A publication of Appalachian Voices


A publication of Appalachian Voices

Celebrating Appalachia’s magnificent biodiversity.



Tangled Up in Kudzu

The story behind the highly invasive vine that is creeping across the Southeast, and what can be done to stop it.


Dragonflies and Damselflies

Meet the marvelous world of Odonata.


Fascinating Cave Creatures of Appalachia

Hidden underneath the majesty of the Appalachian mountains is a strange, enchanting cave ecosystem full of unusual creatures.


Red Spruce Restoration Underway

Conservationists across the region have teamed up to help restore the red spruce to its natural habitat after unsustainable logging practices in the early 1900s, coupled with wildfires, nearly wiped out the tree in Appalachia.


Lichen: The Story of a Soil-Maker

Lichen, a symbiotic combination of fungi and algae, has helped create soil for billions of years and serves as an indicator of air quality.


Versatile Vultures

These misunderstood scavengers of the sky play a vital role in our ecosystem.


Meet Appalachia’s Pollinators

Buzzing bees, hummingbirds, butterflies and more help keep Appalachia's flora in bloom.


Lungless Salamanders, Shrinking Habitat

Appalachia has the greatest biodiversity of salamanders in the world — and a study has shown that climate change could be shrinking their range.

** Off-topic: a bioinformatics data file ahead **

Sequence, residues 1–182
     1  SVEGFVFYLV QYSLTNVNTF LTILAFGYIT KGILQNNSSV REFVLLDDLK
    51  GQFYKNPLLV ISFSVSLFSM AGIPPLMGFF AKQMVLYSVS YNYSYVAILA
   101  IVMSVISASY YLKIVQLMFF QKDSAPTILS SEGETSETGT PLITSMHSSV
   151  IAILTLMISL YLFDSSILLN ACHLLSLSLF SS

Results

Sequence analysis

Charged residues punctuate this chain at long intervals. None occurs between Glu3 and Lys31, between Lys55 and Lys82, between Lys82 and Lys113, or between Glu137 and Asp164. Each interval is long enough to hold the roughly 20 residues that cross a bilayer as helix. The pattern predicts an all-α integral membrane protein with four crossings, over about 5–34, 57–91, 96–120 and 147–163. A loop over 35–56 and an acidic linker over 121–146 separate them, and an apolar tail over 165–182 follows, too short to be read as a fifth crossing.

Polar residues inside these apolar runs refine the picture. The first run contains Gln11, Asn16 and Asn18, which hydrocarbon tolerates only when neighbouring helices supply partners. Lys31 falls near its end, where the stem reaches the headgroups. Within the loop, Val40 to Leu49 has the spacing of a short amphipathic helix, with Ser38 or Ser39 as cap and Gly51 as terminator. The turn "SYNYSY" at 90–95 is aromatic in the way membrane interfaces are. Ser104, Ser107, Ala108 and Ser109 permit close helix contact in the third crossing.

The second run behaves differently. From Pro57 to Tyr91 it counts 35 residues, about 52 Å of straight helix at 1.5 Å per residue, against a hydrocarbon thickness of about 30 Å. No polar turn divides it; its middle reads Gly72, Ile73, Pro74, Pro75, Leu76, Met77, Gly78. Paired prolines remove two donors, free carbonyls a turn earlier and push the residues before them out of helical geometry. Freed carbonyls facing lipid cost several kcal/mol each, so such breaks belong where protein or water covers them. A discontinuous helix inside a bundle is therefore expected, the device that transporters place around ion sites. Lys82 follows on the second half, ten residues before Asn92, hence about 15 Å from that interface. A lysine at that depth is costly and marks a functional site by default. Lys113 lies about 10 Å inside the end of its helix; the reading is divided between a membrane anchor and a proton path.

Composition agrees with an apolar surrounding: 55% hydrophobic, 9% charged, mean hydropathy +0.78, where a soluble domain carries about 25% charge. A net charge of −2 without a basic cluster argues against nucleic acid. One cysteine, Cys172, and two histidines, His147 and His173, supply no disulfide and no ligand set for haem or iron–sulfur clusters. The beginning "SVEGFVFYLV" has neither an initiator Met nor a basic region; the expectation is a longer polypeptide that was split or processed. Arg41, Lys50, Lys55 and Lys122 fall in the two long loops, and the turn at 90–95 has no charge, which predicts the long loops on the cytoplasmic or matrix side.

Can We Save the Mighty Hemlock?

As the threat posed by the invasive hemlock woolly adelgid grows, so do efforts to save "the redwood of the East."


Crossbills, Conifers and Calls

These nomadic birds will travel great distances to extract the seeds of conifer cones with their unique crossing bills.


Snail Tales

Did you know Appalachia has the most snail species out of any region in North America? Discover the important role our slimy little friends play in the ecosystem in this issue's Naturalist's Notebook.


Wildflower Wonders

Wildflowers are one of Appalachia’s most vibrant symbols of summer. As the season’s end nears, we explore a few beautiful, unique flowers that blossom in late summer along mountain trails, forests and riverbeds.


Leave it to Beavers

Beavers are sometimes called “nature’s engineers,” and for good reason. By building lodges and dams as their homes, they physically alter the landscape to suit their own needs, similar to humans.


A Sweet Maple Harvest

A resurgence in mapling has opened a booming market for Appalachian syrup.


Ponies of the Grayson Highlands

The wild ponies of Grayson Highlands State Park and Mount Rogers National Recreation Area in Southwest Virginia attract hikers of all ages — but take heed, don't feed the ponies!